In November 2012, the NDP member of Parliament for Trinity—Spadina called for more support for the federal witness protection program, pointing to the difficulty Toronto police faced in convincing witnesses to this past summer's mass shooting at a block party on Danzig Street in Scarborough to come forward. The Danzig shooting is just one of many examples I could point to where witnesses have been reluctant to step forward due to concerns for their own safety.
Bill C-51 proposes a better process to support provincial witness protection programs and would expand the program to other agencies with national security responsibilities. Bill C-51 would expand the eligibility criteria of the witness protection program to include various requests from the RCMP, such as including youth gang members by covering a new group of people who would give assistance to federal departments. Federal departments and agencies with a mandate relating to national security, national defence or public safety would also be able to refer witnesses to this program. It would also extend the period for emergency protection and clear up some technical problems in coordinating with provincial programs.
Provinces such as Ontario and Alberta have been pushing for a national revamp of the witness protection program, including more recognition of their existing programs. Bill C-51 would provide for the designation of a provincial or municipal witness protection program so that certain provisions of the act would apply to such a program. It also would authorize the Commissioner of the RCMP to coordinate at the request of an official of a designated provincial or municipal program the activities of federal departments, agencies and services in order to facilitate a change of identity for persons admitted to the designated program.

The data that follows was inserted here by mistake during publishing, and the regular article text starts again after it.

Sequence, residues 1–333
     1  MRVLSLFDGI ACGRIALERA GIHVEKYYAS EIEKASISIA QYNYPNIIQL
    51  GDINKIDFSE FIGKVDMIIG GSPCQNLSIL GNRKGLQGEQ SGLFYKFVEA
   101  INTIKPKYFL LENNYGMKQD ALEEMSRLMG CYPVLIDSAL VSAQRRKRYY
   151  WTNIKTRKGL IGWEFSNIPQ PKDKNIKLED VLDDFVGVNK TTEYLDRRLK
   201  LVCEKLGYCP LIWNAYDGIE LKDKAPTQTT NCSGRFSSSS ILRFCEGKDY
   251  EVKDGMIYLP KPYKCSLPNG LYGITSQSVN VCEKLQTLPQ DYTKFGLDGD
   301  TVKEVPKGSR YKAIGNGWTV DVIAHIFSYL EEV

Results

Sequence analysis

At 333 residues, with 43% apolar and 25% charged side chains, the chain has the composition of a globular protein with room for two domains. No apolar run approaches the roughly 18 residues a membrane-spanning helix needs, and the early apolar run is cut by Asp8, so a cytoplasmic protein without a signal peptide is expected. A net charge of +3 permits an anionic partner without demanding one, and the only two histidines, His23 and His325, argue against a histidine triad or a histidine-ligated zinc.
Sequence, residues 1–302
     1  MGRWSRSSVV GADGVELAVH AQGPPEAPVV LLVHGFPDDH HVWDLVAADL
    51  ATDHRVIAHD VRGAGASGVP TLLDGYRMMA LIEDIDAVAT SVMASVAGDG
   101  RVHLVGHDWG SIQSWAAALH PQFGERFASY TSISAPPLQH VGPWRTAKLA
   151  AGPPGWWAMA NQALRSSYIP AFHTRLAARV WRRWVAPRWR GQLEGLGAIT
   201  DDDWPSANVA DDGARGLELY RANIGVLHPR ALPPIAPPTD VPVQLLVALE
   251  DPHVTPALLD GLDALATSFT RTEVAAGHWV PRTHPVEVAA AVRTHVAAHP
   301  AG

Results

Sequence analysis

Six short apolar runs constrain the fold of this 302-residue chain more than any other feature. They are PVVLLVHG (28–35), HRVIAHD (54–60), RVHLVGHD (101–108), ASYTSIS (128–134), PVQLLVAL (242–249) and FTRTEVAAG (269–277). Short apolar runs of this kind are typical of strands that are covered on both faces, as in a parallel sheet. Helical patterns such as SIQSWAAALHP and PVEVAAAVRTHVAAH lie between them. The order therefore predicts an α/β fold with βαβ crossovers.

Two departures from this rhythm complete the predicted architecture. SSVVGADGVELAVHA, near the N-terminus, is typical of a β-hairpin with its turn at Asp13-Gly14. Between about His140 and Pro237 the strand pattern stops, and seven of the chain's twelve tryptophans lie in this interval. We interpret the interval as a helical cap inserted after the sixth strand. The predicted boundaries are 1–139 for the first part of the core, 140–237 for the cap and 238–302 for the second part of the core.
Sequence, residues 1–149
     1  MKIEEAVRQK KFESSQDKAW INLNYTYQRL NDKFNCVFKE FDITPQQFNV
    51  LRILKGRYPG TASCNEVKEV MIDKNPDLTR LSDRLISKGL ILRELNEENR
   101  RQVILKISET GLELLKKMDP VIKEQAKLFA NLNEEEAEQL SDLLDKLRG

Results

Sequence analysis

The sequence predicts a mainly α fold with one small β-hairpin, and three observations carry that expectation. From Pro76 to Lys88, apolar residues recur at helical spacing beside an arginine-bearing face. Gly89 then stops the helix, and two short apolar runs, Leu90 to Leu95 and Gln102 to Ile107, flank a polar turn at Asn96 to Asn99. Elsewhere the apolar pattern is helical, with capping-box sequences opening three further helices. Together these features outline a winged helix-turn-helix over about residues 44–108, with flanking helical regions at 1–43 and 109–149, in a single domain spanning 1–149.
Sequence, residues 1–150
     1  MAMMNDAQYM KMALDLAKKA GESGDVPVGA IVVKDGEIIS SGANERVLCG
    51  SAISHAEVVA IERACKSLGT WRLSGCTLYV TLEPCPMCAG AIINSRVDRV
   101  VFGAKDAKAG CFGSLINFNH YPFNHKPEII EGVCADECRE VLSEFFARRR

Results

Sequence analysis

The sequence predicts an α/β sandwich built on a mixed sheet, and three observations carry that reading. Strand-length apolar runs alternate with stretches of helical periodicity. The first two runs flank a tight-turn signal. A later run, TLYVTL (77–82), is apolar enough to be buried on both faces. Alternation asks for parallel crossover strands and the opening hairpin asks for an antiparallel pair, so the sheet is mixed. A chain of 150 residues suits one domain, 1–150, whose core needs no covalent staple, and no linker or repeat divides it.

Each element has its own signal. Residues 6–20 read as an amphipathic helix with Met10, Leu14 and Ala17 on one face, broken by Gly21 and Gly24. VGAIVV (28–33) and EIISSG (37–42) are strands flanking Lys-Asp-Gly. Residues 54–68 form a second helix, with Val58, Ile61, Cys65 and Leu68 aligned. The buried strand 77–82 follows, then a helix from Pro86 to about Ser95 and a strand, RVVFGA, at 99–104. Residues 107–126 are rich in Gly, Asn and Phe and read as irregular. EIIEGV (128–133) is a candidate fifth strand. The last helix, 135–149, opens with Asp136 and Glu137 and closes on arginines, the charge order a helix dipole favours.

Bill C-51 includes enough improvements to warrant our support through third reading, though concerns about funding have been reiterated multiple times in committee and over and over again tonight, and there are still no answers from the government.
Expanding eligibility for the witness protection program is a generally popular policy. Those working to combat youth gangs feel allowing those seeking to leave gangs access to the program would be an important addition to the tools they need. This issue retains a high profile in the South Asian community due to the attacks on witnesses during the Air India inquiry, where witnesses were not eligible for the program as it currently excludes witnesses in national security cases.
The provinces have long been calling for better coordination between federal and provincial programs. Now, of course, in terms of coordination between federal and provincial programs, we know that is a weakness of the current government, when we look at the Prime Minister who has refused to meet with the first ministers as a group over the seven years the Conservatives have been in power.